Fall Protection Hierarchy – Striving to Omit Hazards on the Job

Safety on the job should always be your company’s first concern. You might think it should be profits, but you’ll lose a great deal of your profits if fall prevention is not your first objective. Falls and other on the job injuries cost your company in manpower, time and money. Protective and preventative measures need to be in place to keep your workers safe while performing jobs involving heights and other safety hazards.

When it comes to the force of gravity, no one is immune. Working a job that requires heights means the pull of gravity is even stronger and each company and worker need to be prepared to safely perform his/her duties by using the hierarchy of fall protection.

The Fall Protection Hierarchy is also referred to as Z359 and sometimes called the “preferred order of control”. The American National Standards Institute (ANSI) and The American Society of Safety Engineers (ASSE) created Z359 to protect workers from hazards on the job. The hierarchy begins with a “perfect world” scenario and works its way down to the least appealing solution.

Eliminating a dangerous practice or substituting a safer alternative is the ideal solution. For example, if a flatbed driver has cargo that must be protected by tarping, the most dangerous way to perform the job is by climbing on top of the load. The next best solution would be to have a platform with guardrails that positions the driver above the load so tarping can be done without falling. The ideal solution is to keep the driver’s feet on the ground and not having to lift the full weight of the tarp. An automated overhead tarping system solves both issues and creates the safest solution for tarping a flatbed.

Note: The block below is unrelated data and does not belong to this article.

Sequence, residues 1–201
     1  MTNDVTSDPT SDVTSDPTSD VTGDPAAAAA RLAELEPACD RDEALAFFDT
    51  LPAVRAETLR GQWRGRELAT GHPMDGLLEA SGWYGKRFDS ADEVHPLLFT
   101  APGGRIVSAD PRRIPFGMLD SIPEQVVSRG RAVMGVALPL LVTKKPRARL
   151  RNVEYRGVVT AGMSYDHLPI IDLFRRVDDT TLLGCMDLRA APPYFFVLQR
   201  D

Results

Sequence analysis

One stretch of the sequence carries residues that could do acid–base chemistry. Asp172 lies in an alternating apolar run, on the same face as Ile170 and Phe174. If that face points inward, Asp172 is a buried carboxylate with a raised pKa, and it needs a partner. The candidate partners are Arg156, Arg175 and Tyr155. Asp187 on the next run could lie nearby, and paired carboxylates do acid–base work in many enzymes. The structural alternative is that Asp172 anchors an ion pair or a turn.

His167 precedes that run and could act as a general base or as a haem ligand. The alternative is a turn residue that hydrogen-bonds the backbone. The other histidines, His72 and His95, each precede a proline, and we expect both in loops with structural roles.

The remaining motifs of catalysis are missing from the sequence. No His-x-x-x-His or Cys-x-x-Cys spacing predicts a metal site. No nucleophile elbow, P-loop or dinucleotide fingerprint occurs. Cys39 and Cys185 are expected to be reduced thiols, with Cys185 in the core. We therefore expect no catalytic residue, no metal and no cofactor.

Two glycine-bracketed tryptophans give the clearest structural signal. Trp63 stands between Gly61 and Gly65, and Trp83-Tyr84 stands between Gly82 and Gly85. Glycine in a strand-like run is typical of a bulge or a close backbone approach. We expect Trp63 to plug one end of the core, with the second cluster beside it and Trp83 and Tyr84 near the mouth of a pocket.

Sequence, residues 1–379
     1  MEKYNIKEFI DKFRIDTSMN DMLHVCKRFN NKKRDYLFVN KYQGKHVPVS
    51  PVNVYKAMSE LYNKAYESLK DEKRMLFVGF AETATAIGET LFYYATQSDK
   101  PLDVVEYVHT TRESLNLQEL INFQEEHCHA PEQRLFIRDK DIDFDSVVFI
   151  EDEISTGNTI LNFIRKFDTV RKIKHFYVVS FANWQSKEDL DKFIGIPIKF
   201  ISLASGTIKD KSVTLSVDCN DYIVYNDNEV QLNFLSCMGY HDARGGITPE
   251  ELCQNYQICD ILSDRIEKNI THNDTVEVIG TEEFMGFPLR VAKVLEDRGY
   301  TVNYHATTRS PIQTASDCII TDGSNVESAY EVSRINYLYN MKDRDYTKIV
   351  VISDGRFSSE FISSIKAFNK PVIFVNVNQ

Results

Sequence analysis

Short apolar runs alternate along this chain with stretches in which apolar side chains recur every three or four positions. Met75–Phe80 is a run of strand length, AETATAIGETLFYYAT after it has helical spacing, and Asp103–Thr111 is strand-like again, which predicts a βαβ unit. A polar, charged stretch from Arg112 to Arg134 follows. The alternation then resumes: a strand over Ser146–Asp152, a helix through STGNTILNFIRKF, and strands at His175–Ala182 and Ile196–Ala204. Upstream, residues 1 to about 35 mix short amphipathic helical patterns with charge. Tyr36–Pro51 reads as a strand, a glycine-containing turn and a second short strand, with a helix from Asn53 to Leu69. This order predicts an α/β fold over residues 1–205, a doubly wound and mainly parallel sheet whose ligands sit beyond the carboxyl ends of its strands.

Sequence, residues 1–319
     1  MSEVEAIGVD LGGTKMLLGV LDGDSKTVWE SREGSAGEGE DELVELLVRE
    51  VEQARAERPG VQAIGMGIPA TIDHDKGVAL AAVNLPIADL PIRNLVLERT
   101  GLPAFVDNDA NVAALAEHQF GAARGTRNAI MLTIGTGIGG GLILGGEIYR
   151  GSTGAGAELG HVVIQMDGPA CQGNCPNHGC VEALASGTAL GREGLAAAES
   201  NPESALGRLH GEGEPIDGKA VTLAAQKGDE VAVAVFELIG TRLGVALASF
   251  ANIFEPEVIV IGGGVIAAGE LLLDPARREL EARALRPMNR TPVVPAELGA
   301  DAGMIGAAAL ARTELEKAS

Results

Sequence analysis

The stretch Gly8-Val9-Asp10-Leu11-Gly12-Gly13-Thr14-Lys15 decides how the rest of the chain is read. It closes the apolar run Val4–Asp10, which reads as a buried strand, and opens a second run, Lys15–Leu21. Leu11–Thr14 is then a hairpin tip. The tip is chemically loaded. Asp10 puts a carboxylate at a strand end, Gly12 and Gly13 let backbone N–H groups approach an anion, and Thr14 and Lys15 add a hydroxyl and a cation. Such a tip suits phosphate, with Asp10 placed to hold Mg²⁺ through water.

Passive Fall Protection can also be called Fall Prevention. If there’s no way to eliminate the fall danger, then passive fall protection is the next best protocol. Passive fall protection can take on several forms: guardrails, safety gates, handrails, warning lines and rooftop railings all qualify.

Fall Restraint is usually a harness with a fixed length of strap that’s attached to an anchor. This restraint prevents workers from reaching the fall hazard. Fall restraint allows a worker to perform his/her job easily but not move far enough to get their center of gravity over an unprotected edge or open hole.

Fall arrest is a system that’s designed to bring a safe stop to a person who is already falling. This is not the ideal scenario, but some job duties may not allow for safer substitutions. Each fall arrest system must include the four essentials of fall arrest:

• Full body harness

• Lanyard

• Deceleration Device

• Anchorage with a connector that can withstand forces at least two times the maximum arrest force per person attached.

A worker needs proper energy absorption and deceleration; otherwise the fall will apply a huge force to the worker’s body and anchorage when stopped.

Finally Administrative Controls like reducing the duration, frequency and severity of a worker’s exposure to hazardous situations can make tasks safer.  Written rules, safety policies, schedules, supervision and training all help reduce the risk of an authorized worker encountering a fall hazard.

Take time to evaluate all tasks around the workplace and determine if there is any way to make hazardous jobs safer for employees. Where fall prevention and protection is needed, purchase the correct protection for the job and ensure that all workers know how to use it properly. Follow up with proper inspections, storage and maintenance.

Contact Carbis today and let us help you determine what changes need to be made around the jobsite so your employees can work better and safer.

Newer Posts